I’m beating a dead horse, I know, and I’ve beat this horse in the past. But one of the worst practices that caused the financial crisis (and one of the reasons we are facing such enormous regulatory pressure in our industry today) was lenders selling sub-prime loans to uninformed borrowers who should have gotten prime loans.
The evidence is still leaking out all these years later.
The City of Oakland, which has large populations of poor and minority residents, is suing Wells Fargo, alleging that the bank made high-cost (and thus high-profit) loans to minority borrowers who would otherwise have qualified for a prime loan. Good people ended up paying far more than they should have for a loan, and when the loans exploded, good people lost their homes.
You can say it’s all about the attorneys, but the lawsuit was filed by the City attorney, who stands to gain nothing personally from the suit. (Except maybe some fame, I suppose.)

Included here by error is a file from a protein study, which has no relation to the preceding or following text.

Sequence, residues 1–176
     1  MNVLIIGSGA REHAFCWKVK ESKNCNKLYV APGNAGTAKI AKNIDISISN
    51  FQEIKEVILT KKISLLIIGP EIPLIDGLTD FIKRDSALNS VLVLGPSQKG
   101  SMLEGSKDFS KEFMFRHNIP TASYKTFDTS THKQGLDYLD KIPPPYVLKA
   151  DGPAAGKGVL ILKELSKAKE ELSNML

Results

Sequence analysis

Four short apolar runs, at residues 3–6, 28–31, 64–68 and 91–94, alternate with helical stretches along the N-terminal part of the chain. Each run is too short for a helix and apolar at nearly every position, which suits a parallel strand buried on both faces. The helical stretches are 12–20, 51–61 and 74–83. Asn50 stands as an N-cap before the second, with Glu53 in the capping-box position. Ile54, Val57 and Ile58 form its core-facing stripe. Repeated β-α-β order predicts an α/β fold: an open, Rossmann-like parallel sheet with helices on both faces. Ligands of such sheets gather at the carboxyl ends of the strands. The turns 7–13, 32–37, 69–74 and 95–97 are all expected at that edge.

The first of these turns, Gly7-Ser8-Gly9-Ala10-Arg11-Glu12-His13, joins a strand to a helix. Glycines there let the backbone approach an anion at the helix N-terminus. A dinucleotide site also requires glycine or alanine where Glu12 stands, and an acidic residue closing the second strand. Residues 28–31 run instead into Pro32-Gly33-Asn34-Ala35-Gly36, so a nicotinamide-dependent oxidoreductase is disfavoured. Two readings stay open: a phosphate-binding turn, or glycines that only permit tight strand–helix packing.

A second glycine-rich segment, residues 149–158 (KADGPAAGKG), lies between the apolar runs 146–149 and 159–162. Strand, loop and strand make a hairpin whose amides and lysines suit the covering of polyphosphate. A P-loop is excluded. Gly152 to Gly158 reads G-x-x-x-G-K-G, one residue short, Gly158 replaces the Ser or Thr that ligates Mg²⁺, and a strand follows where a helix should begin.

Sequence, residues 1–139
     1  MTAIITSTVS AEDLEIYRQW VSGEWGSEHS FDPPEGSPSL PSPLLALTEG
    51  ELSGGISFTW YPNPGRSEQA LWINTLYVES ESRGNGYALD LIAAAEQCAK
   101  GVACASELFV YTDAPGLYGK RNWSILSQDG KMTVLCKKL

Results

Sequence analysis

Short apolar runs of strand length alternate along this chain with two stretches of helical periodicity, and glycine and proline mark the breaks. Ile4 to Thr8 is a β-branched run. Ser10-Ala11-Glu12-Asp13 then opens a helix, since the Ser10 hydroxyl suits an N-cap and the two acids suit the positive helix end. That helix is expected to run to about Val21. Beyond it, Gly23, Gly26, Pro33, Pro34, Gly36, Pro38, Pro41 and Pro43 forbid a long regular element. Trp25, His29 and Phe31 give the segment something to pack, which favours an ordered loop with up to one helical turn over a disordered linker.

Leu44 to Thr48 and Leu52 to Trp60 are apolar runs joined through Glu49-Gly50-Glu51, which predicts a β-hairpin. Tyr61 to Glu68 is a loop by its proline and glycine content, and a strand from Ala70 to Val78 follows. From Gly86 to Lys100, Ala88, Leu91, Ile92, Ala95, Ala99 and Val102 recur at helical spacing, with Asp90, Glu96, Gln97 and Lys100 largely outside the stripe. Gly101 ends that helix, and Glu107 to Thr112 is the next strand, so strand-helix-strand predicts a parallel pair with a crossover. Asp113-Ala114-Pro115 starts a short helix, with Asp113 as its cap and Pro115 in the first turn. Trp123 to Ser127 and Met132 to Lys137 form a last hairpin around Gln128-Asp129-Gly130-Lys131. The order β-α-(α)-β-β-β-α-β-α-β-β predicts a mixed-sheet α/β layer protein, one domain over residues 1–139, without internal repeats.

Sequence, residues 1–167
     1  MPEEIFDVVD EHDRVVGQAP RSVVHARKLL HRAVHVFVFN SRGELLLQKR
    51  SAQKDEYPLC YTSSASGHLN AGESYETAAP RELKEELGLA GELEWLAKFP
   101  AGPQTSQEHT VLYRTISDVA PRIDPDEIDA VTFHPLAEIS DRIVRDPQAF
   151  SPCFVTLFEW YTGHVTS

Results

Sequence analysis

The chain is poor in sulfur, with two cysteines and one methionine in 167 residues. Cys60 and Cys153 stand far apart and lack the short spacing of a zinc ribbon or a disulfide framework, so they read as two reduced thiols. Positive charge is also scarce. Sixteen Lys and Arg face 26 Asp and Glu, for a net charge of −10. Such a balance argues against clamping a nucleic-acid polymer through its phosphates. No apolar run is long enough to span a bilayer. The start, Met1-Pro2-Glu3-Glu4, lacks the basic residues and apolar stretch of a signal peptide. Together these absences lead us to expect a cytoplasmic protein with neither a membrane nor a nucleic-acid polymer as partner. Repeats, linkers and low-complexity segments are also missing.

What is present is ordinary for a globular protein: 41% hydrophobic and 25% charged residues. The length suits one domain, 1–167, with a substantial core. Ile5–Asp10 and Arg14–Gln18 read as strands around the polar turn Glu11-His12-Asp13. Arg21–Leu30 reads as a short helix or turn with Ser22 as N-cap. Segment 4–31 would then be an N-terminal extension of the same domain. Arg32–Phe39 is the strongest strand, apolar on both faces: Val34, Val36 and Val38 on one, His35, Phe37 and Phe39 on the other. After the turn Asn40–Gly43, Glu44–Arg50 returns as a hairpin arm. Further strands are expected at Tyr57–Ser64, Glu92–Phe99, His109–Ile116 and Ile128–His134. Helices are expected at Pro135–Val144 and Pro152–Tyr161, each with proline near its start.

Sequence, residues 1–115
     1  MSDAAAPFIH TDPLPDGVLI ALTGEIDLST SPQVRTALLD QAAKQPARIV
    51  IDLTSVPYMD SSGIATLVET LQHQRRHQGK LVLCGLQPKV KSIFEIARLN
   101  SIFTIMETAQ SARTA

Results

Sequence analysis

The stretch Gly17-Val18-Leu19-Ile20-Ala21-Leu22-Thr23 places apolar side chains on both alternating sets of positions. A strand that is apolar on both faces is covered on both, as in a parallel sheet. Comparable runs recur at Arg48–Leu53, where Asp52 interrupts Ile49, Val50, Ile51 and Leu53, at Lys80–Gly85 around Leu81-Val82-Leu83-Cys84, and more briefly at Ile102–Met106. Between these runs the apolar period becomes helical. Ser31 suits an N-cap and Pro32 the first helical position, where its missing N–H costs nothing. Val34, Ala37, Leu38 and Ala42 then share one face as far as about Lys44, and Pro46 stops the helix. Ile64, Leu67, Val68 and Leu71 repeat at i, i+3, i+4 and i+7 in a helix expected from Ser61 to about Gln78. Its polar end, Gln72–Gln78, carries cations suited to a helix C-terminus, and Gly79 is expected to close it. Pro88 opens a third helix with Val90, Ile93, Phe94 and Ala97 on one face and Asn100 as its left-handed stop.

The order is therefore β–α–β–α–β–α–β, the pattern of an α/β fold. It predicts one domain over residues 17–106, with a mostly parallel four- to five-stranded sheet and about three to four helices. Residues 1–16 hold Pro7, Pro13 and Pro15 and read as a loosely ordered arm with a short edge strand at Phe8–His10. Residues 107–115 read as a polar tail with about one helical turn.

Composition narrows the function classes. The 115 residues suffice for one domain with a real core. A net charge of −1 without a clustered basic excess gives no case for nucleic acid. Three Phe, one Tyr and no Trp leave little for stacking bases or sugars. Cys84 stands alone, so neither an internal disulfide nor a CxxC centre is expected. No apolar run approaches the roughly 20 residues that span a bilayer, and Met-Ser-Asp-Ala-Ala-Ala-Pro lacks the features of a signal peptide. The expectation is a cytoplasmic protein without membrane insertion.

To be fair, the suit was just filed and the allegations have not been proven. And unfortunately it will never go to trial – Wells Fargo will likely settle the lawsuit as they (and the other big banks) have done with all of these predatory lending suits.
I was asked if writing my book was a labor of love, and I’ve replied “No, it was a labor of being REALLY ticked off!” Despite great efforts by the CFPB, no amount of regulation can protect all consumers from predatory lending. Ultimately only consumer education can do the trick.
The article about the lawsuit is in the San Jose Mercury News, and can be found here.